The mere fact that after almost 2000 years, there are over ten thousand different sects and hundreds of opinions and schools of thought that are mutually exclusive, all while "studying" the same text - means that it's really just about people reading their own beliefs, preconceptions and ideas into it. And not finding some original or universal meaning
We often argue with christians about prayer. Prayer is an act of obeisance, a bowing, scraping, boot-licking act of obsequiousness. It is not mainly asking for favours, but is rather expressing one's lowly relation to the Lord or Prince. It is a giving over of one's free will. "Lord, do with me as you will." It is a shameful act of a free man.
I think the more important question relating to justice in the Bible is how is Jesus sacrifice for us justice? Theists say that if there is no heaven as atheists say and a person kills and isn't cuaght they don't get punished and seem to see this as some way to argue against an atheist as if an appeal to emotion is evidence! But then if we flip it, as you have, the priest or criminal gets off scot free just by embracing Jesus.
People say how wonderful Jesus is because he suffered for us (thats debatable, considering he was a god knowing he would resurect after 3 days) and that he has paid our price. But that's terrible justice. if I commit a crime but another, inocent person, agrees to do my jail time why I go free and enjoy life... how is that justice? Heaven and jesus' sacrifice seem like wonderful get out of jail free cards. Personally a criminal never getting caught and simply being dead and buried seems far better punishment than eternal paradise.
Though it is eternal paradise with billions of Christians so maybe it's not that great after all.as a
Ash, I think that's an important question, too. What I would like to ask someone in the clergy is something like this:
Why did God sacrifice his only begotten son in order to provide an avenue for eternal life to humanity because he loves us so much? Why did it have to be that way? There is obviously some unknowable divine operation at work here that required God to set all this in motion in order to provide his beloved creation with this awesome eternal life bonus.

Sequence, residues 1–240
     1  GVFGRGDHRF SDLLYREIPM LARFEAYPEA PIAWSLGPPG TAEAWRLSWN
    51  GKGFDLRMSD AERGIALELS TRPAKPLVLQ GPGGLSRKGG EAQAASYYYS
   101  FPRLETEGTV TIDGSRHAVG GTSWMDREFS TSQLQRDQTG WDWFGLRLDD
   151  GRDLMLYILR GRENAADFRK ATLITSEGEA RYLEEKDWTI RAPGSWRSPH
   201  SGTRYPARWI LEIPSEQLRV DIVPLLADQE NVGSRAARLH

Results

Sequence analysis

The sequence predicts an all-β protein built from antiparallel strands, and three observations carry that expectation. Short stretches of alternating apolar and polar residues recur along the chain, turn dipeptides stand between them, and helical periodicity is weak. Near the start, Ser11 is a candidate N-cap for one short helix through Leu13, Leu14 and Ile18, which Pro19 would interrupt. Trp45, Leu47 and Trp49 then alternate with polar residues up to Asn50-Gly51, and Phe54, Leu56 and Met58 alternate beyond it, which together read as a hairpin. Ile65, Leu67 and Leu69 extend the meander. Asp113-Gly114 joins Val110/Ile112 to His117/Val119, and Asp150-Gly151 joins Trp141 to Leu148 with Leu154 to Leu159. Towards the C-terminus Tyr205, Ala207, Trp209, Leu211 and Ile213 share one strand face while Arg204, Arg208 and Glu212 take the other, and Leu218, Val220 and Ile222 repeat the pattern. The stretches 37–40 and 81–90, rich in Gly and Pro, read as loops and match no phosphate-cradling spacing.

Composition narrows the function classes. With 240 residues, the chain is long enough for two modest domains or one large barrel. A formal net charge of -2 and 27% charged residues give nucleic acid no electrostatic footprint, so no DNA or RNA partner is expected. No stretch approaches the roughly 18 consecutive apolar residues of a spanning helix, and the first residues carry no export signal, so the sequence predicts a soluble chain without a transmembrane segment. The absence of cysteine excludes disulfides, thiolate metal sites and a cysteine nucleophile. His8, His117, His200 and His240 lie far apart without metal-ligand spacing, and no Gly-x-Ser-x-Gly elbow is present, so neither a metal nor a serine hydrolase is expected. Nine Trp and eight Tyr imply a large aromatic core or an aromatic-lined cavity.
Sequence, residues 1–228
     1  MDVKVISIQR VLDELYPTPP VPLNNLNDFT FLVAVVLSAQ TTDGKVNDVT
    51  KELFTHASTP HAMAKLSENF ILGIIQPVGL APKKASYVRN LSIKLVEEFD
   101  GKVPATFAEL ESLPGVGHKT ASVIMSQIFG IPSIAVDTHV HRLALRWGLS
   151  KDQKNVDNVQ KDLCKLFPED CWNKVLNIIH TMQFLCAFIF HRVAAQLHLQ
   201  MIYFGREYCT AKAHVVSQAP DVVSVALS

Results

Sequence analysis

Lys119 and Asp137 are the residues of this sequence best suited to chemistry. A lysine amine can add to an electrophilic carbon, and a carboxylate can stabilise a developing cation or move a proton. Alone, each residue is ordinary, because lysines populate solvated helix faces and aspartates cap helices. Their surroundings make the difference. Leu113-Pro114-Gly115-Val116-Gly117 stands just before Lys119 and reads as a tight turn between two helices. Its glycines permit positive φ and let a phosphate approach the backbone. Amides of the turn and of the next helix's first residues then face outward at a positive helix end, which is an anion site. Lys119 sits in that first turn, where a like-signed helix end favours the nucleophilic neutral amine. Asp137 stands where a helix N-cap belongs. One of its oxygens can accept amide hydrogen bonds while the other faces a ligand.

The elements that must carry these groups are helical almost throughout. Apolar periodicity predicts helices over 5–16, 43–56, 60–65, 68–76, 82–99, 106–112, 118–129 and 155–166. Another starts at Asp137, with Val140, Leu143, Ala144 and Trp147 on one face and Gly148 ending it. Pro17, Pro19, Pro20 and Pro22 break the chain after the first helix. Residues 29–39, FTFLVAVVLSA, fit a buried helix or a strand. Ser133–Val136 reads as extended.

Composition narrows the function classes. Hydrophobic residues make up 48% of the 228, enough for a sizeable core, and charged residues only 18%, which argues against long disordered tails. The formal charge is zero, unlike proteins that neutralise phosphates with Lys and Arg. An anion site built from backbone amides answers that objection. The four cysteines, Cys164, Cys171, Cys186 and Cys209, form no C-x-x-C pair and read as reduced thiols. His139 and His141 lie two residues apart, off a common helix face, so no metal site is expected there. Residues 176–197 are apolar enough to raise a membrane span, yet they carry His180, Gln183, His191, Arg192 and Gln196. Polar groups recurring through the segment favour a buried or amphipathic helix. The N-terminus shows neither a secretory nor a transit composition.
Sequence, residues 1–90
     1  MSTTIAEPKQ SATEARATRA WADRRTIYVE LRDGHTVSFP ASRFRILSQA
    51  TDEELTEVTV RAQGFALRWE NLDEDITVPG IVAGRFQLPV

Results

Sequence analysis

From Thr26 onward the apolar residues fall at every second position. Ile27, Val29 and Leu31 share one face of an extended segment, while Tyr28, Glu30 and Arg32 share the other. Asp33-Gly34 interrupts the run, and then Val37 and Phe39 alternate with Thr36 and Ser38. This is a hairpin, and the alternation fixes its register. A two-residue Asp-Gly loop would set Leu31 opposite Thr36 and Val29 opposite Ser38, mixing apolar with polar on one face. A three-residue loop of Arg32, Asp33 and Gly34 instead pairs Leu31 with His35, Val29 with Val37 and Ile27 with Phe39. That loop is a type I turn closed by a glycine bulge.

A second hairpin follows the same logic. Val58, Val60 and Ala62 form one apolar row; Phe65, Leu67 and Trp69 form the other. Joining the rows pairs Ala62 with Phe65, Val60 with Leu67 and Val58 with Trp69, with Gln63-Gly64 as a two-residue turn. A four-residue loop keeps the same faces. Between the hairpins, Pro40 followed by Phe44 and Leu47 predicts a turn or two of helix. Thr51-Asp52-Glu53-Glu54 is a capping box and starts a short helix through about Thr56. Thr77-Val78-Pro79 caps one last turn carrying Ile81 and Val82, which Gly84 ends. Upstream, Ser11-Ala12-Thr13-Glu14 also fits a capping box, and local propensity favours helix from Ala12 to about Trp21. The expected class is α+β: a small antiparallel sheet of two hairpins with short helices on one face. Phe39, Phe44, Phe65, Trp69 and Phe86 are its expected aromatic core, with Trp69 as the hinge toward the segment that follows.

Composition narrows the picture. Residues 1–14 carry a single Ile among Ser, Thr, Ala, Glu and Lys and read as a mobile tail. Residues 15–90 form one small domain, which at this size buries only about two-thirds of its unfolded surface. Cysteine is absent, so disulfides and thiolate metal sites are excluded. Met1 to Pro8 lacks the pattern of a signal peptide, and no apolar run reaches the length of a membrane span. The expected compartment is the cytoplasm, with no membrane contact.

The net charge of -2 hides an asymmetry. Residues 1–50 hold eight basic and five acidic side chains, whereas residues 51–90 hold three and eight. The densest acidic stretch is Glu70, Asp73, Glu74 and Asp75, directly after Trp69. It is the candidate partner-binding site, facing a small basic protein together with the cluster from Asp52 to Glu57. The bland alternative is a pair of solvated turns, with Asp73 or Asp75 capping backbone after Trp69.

Just as he created everything else, did he also create a system whose rules he couldn't bend? In other words, did he create a rock that was so heavy he couldn't lift it? He put some divine laws in place that even he couldn't break, and ended up having to make a blood sacrifice of his own son in order to get things to work out? In other words, God's fallible.
Or did he just make this whole thing up. He put it in motion and let it play out to satisfy his whims (because if you are the creator of the laws of the universe -- even the mysterious, divine ones -- they are necessarily whims. What else would you base your decisions on?)? As in, "OK, I'm really rather fond of these creatures, but they're so naughty. So, I'm going to instigate a sick, violent mess and give the whole human race a major case of Stockholm Syndrome, and send all the people who don't go crazy to burn in hell for eternity." He concocted a bloody game of Calvinball, set up all his figures on the table, and made them choose to fight -- even though he knew what was going to happen (as you point out, Ash, the sacrifice was debatable, considering that the definition of sacrifice is to give something up, and God called infinity backsies on his sacrifice). And, forevermore, if anyone questions the enormous sacrifice that required of Him, he will boil their heads. In other words, God is a psychopathic nut, by any standard.
Finally, maybe this really was the only way to provide eternal salvation for humanity. Maybe God had to do things this way -- he had no choice, and certainly would have done things differently if he could. If he could, maybe he would have just said, "Oh, I love y'all so much. I tried everything to get you to do the whole free will thing, but you're just not cut out for it -- maybe I made you wrong or something.* But I just can't stand to see you suffer. I made you; you're my responsibility, and I love you. So pack your things and let's all go home." Instead, God did this nauseating thing (and I mean just the Gospel) because his love for us made it imperative. If he is infallible and he's not a psychopath, then he must not be in charge. In other words, God is subject to rules that he cannot change, which means that there is a greater force at work, to which he is subject.
So, what is it: Is God fallible, demented, or beholden?
Is there another option? Either he did something he couldn't just undo; he did it to satisfy his own desire for blood and madness; or someone else (with a fetish for blood and madness) is in charge.
Does anyone know how a pastor would handle a crisis of faith like this?
I think how the pastor would respond would depend on whether this was actually your own personal crisis of faith that you were going through or whether it was the rant of someone entrenched in unbelief for whom no answer would ever suffice. If it were the latter i'm guessing he would point you to aristotle in order to avoid Shakespear. Aristotle said he was the wisest man in Athens as he finally knew that he knew nothing. Not many people attain that level of wisdom and so they end up in Shakespear 'full of sound and fury signifying nothing'. One of the nothings is inevitable.